You can option carbon-ceramics for $35,206, which upgrades the hardware from 400mm front discs with six-piston calipers, to 440mm discs – almost big enough to ring Saturn – with massive 10-piston calipers.
Curiously the rear disc size shrinks from 380mm to 370mm when upgrading from steel discs to carbons.
It’s still a big, heavy car at the end of the day, but as silly as it sounds, we reckon a Bentayga S would relish stickier rubber like Michelin Pilot Sport Cup 2s – which is a big compliment to the chassis engineering.
We didn’t get to uncork the burly Bentayga S anywhere but The Bend, but we reckon you wouldn’t have to upgrade the brakes or tyres for a blast up a winding road where it would be very capable.
Wind things back a few notches, and what is probably a correct judgement, the Bentayga S hasn’t gone too far compromising the comfort for performance.
Select the comfort drive program after sport, and the chassis almost exhales as it enters relaxation mode. And the Bentayga S loves to relax.
At urban speeds, it’s a lovely and effortless drive – especially with the exhaust letting in just the right amount of V8 burble. Curiously, our test car was commissioned with a sports exhaust delete – we’d love to hear what it sounds like with that normally standard feature in place.
The ride quality is cloud-like, while insulation from exterior noise almost puts you to sleep when stopped at traffic lights.
That said, not even a Bentley could completely defeat the roaring road noise that comes when driving a classic, coarse-chip 100km/h Australian country road – the type which encircles The Bend. But the Bentayga came close.
It’s one of those cars that you can cover 1000km and get out at the other end feeling fresh. And it’s got enough driver’s appeal that you’ll be tempted to sell the beach holiday house and buy one high in the mountains instead.
Best pop a few sick bags in the glovebox for passengers if that’s the case.
Sadly, or luckily, we didn’t get to test the Bentayga S off-road but with its 22-inch wheels and road tyres, we wouldn’t want to venture much further than a dusty dirt road. Bentley says it has a 500mm wading depth, while there are four terrain modes – snow/wet grass, dirt/gravel, mud/trail, and sand.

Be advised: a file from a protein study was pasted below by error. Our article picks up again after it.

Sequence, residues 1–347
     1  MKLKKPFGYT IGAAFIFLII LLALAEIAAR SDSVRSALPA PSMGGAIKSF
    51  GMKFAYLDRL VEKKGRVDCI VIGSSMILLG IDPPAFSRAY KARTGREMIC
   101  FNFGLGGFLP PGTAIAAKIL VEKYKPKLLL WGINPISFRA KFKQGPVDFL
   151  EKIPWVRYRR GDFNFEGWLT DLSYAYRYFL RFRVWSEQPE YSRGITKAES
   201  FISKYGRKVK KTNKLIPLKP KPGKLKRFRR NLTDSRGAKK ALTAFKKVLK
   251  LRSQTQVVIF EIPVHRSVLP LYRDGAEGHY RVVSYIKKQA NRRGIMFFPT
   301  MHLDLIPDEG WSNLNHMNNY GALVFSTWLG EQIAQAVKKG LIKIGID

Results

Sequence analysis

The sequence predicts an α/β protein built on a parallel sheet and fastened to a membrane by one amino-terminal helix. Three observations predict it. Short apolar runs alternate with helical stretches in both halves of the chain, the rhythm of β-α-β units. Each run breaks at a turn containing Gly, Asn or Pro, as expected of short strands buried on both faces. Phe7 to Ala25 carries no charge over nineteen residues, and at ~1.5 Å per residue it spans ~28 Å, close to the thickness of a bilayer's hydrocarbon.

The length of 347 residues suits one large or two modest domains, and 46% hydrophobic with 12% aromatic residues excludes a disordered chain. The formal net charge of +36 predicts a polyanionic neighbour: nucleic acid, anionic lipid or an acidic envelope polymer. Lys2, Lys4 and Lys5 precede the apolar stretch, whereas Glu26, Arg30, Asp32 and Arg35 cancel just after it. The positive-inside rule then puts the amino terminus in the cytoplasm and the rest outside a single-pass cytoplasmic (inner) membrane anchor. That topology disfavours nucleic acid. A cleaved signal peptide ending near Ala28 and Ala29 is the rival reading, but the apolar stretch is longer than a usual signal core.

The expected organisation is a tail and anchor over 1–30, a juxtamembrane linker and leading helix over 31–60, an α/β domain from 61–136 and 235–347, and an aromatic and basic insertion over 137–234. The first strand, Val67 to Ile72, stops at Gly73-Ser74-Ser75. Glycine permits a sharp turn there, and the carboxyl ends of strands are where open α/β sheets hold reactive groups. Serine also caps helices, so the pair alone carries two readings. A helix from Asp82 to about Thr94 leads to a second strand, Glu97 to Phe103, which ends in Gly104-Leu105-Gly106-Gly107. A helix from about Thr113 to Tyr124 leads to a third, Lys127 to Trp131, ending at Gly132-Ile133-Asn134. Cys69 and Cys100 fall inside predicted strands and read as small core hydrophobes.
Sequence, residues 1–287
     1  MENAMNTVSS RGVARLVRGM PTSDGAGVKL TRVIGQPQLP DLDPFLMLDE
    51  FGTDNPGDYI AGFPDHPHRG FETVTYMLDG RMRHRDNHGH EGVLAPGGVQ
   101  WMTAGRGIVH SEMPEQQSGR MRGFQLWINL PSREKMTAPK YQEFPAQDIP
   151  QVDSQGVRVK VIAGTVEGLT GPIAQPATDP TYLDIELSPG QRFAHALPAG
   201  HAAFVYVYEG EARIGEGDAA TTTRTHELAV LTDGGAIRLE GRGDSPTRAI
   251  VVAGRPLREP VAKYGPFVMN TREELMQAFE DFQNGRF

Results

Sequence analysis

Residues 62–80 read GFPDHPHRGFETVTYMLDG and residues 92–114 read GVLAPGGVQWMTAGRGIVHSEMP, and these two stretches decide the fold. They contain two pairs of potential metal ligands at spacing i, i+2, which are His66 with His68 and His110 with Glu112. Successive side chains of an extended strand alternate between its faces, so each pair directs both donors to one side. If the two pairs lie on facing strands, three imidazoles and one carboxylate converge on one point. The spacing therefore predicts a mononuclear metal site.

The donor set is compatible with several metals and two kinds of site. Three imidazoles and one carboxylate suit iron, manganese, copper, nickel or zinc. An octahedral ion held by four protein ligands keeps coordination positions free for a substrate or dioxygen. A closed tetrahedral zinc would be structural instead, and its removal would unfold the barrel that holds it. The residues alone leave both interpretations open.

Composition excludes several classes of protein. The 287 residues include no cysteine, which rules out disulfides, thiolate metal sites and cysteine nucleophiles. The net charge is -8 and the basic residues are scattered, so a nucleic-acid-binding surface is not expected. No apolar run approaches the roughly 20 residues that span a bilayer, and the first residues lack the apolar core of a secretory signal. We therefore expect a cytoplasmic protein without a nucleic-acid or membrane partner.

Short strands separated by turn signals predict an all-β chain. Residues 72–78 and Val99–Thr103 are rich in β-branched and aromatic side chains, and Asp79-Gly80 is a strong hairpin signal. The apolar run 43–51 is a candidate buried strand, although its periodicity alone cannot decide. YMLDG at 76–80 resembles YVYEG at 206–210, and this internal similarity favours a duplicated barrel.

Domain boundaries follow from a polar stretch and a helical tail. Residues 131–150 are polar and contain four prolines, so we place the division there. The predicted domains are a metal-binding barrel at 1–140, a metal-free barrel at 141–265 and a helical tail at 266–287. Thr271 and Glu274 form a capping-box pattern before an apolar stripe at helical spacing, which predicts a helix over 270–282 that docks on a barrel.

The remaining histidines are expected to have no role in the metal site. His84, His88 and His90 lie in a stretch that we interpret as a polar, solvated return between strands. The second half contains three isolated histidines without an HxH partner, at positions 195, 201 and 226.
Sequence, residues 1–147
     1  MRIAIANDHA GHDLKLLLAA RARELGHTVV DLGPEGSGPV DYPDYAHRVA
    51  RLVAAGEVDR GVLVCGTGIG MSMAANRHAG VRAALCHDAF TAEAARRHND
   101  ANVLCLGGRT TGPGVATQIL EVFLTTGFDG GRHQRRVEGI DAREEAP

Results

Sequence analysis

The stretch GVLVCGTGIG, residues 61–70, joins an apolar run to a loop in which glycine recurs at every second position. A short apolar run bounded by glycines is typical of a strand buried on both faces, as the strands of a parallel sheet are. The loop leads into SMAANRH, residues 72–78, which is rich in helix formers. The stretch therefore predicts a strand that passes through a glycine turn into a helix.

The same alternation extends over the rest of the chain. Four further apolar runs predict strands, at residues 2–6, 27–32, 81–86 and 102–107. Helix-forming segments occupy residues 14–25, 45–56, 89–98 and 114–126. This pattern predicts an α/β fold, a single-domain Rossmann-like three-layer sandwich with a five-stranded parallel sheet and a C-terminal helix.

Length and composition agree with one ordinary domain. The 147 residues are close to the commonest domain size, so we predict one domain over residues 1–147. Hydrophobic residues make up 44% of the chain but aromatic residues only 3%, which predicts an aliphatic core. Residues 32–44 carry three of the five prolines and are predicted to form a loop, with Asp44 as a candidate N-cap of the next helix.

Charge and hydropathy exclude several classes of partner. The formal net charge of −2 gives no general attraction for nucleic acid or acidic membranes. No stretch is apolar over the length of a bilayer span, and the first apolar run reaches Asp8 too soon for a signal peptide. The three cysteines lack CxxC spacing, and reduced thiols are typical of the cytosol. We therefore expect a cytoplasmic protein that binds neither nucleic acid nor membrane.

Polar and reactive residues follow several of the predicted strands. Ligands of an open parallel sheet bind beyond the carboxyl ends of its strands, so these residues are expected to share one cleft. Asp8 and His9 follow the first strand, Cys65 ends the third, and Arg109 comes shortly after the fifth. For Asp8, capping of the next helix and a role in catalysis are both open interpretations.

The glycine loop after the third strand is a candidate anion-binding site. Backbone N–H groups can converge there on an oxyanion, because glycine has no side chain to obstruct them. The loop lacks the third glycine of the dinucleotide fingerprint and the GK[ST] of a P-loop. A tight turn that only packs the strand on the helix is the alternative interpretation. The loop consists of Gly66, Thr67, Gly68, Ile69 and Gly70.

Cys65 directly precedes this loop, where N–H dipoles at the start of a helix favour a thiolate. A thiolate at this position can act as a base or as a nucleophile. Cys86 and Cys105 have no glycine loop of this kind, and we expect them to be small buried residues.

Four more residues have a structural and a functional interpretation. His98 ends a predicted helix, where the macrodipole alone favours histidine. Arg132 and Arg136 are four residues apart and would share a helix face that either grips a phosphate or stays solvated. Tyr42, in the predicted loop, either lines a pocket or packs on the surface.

Our Bentayga S test car was a full-on place to sit. As you opened the driver’s door, a strong smell of leather escaped almost with a hiss.
While the nostrils delighted, the eyeballs watered (ours, anyway) at the offensive red and black, carbon-fibre and Alcantara trim. But you might like it. If you’ve got no taste.
The driver and front passenger are enveloped by Bentley’s trademark ‘double flying buttress’ dash design – while digital displays for the infotainment and instruments add a high-tech vibe.
The biggest compliment we can give the Bentayga S’s interior is that it’s a lovely place to have a nap (when parked, obviously).
Alcantara is unusual for a Bentley, yet in the Bentayga S it’s everywhere. Even the steering wheel, which we actually don’t love. Alcantara is weirdly slippery. Leather is much nicer. You can have your Bentayga S with a leather steering wheel if you want, and we say do it.
Curiously, the Bentayga S can be configured with four, five or seven seats. The back seat is plenty comfortable with its own little touchscreen to control the rear air vents, but the front seat is still the place to be.
If we can level one criticism at the Bentley’s interior, it’s that it’s not “mind-blowing” like you might expect from a $500,000 SUV. Yes, it’s very nice, but it’s not twice as nice as, say, an Audi RSQ8 which costs half as much.
The Bentayga also misses out on technology available in other luxury VAG SUVs such as the latest semi-autonomous cruise control, although we guess some owners would be proud to own a vehicle that asks a little bit more of the driver – no matter the situation.
That’s not to say the Bentayga is not high-tech: partly the reason it weighs 2416kg is it’s swollen with equipment. Our test car’s optional touring specification meant it had a heads-up display (HUD), night vision and adaptive cruise control. Of course, there is Apple CarPlay and Android Auto (both wireless).